Malena, Byblos

You won’t stay hungry at جبيل, Lebanon – there are a lot of good restaurants located around the old harbour and in the old souk area. If you prefer a more quiet option than the Malena might be the right choice for you. It is a hidden gem located close to the harbour of Byblos (Jbeil) and you need to know where to find it. The restaurant has a roofed terrace with amazing views on the harbour and the sea, and it is placed within a nice garden with fruits growing around the restaurant.

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Crusader castle

Crusader castle, Byblos

The crusader’s castle or castle Gibelet at جبيل, Lebanon, is a fortification dating back to the year 1103. When the Christian crusaders came to conquer the Holy Land and Jerusalem they needed ports – and Byblos was one of them. The castle was built from material taken from ancient temples of the city. Still today you can see how they fortified the walls of the castle by using parts of columns of the temples – which consisted of stronger material typically imported from Egypt.

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Rocket man

Teleferique du Liban, Jounieh

The most amazing cable car ride of my life! If you want to visit the Shrine of Our Lady of Lebanon located on mountain حريصا (Harissa) 650 meters above sea level you can go by car on bumpy roads up the mountain or you can feel like rocket man by using the téléphérique from Jounieh – a gondola lift with gondolas that are not running continuously but are connected to the system when needed. And these gondolas are started with quite some speed.

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Our Lady of Lebanon

Our Lady of Lebanon, Harissa

Lebanon was supposed to be a Christian state. After World War I a mandate was issued by the League of Nations to France – they were requested to create a new state as a home for the Maronite Christians on the ground of today’s Lebanon. But within this État de Grand Liban there were also some regions with a Muslim majority which wanted to be united with Syria. A source of great conflicts that even became worth when a lot of Arabic refugees arrived from Palestine.

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Jeita grotto

Jeita grotto, Lebanon

At مزرعة الراس, Lebanon, in the valley of the dog river you can find a giant flowstone cave called the Jeita grotto. It is 10 km long and separated into two parts: the upper grotto is the opposite of narrow (with heights of more than 100 meters) and you can see spectacular formations and very long stalactites (up to 8.2 meters long) while walking 700 meters through the grotto. The lower grotto is rather short but contains an underground lake on which you can have a short boating tour (400 meters). The navigation skills of the staff are quite impressive.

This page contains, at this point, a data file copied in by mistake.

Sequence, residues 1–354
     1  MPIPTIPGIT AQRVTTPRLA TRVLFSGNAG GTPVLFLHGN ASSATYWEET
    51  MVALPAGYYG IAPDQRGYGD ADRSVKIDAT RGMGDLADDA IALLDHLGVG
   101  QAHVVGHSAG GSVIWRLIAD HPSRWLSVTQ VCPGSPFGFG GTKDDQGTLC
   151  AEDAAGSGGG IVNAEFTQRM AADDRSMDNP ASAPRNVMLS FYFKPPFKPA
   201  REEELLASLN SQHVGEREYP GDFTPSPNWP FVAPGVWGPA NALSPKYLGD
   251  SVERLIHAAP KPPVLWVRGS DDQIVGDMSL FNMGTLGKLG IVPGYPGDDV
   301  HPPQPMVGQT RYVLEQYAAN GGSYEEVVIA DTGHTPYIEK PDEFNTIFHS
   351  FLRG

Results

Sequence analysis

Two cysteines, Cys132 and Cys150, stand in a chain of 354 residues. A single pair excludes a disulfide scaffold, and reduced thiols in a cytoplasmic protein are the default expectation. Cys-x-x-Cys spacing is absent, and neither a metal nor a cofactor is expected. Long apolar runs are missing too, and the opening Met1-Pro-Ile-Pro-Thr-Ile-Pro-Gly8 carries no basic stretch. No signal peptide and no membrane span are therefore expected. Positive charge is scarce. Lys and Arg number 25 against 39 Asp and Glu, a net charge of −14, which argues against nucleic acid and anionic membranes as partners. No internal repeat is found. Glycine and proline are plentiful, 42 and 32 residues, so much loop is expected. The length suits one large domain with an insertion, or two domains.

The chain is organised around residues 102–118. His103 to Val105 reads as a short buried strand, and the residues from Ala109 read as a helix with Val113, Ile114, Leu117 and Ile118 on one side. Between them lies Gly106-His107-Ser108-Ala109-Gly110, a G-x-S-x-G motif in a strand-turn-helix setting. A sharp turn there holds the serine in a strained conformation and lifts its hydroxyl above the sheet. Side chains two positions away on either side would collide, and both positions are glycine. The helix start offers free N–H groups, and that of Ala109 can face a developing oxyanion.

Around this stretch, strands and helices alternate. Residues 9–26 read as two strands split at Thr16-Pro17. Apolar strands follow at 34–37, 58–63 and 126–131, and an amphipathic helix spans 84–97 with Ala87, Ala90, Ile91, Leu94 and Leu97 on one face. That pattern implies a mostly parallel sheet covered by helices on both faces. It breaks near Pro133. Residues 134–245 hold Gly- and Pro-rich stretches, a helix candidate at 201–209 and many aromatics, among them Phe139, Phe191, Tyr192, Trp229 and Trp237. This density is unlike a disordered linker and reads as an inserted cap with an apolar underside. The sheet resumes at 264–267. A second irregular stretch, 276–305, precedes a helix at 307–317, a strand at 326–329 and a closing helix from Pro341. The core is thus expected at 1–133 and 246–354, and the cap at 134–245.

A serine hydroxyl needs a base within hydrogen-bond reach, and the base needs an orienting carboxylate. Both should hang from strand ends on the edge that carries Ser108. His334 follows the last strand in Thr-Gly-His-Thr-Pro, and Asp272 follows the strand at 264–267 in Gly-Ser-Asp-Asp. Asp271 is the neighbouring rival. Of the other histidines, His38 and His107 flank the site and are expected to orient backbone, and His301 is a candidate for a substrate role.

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Corniche, بيروت

If there would only be one place for a nice walk at بيروت, Lebanon, it would be for sure the Corniche – the 4.8 kilometres long promenade along the coast of the Mediterranean Sea. It starts in the West of the city and leads then along the North of the city centre next to a street called Avenue de Paris. Along the way, you can see the lighthouse of Beirut and the famous Pigeon’s rocks. The Corniche is often filled with people walking, chatting, playing chess or fishing.

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Armenian quarter

Beer Christmas tree, Armenian quarter, بيروت

If you’re looking for good bars and restaurants at بيروت, Lebanon, you will be often pointed towards the Armenian quarter in the primarily Christian part of the city. This region of Beirut is easy to find as the road is also called Armenia and the bars and restaurants are lined up at this road are can be found close to it. Sometimes it is referenced to as Mar Mikhael but that is only half the truth; this interesting area partially also belongs to the city quarters Geitawi and Qobayat.

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Stay connected

Local SIM card, بيروت

When I went to Lebanon I decided to get a local SIM card for my mobile phone. And that was a very easy decision as my provider Deutsche Telekom places Lebanon into its horrible Ländergruppe 3 (the group of countries with the highest roaming costs) and doesn’t even offer data packages to book. Paying horrible 0.49 Euros every 50 KB (observe the unit, per 50 kilobyte!), making phone calls for 2.99 Euros every minute (or receiving them for 1.79 Euros per minute) and paying 0.49 Euros for every SMS message wasn’t an option. Using just the WiFi in your hotel, in coffee bars and restaurants might be okay. But especially if you want to use Uber to get around or if you travel to rural areas it feels better to have a constant connection.

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Souks, بيروت

If you expect to find a traditional market (souk) at بيروت, Lebanon, you will be pretty much disappointed. The shopping mall Beirut Souks has taken over some structures of ancient markets and you can see some ruins of the old market between the houses but it is really a modern shopping mall. Nevertheless, it might be useful to get here as you’ve got everything in place: coffee bars, restaurants, shops and also a tiny post office a little bit hidden.

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Place de l‘Etoile

Place de l'Etoile, بيروت

The Sāhat an-Nadschma or Place de l’Etoile of بيروت, Lebanon, is an important square in the centre of the city. Different roads lead to it in a star-shaped way and next to it you can find the parliament, the archaeological museum and the Saint George church (a Greek orthodox cathedral). In the middle of the square, you can find an ancient clocktower from the 1930s. The area was once filled with bars and coffee bars that were destroyed during the Lebanese civil war.

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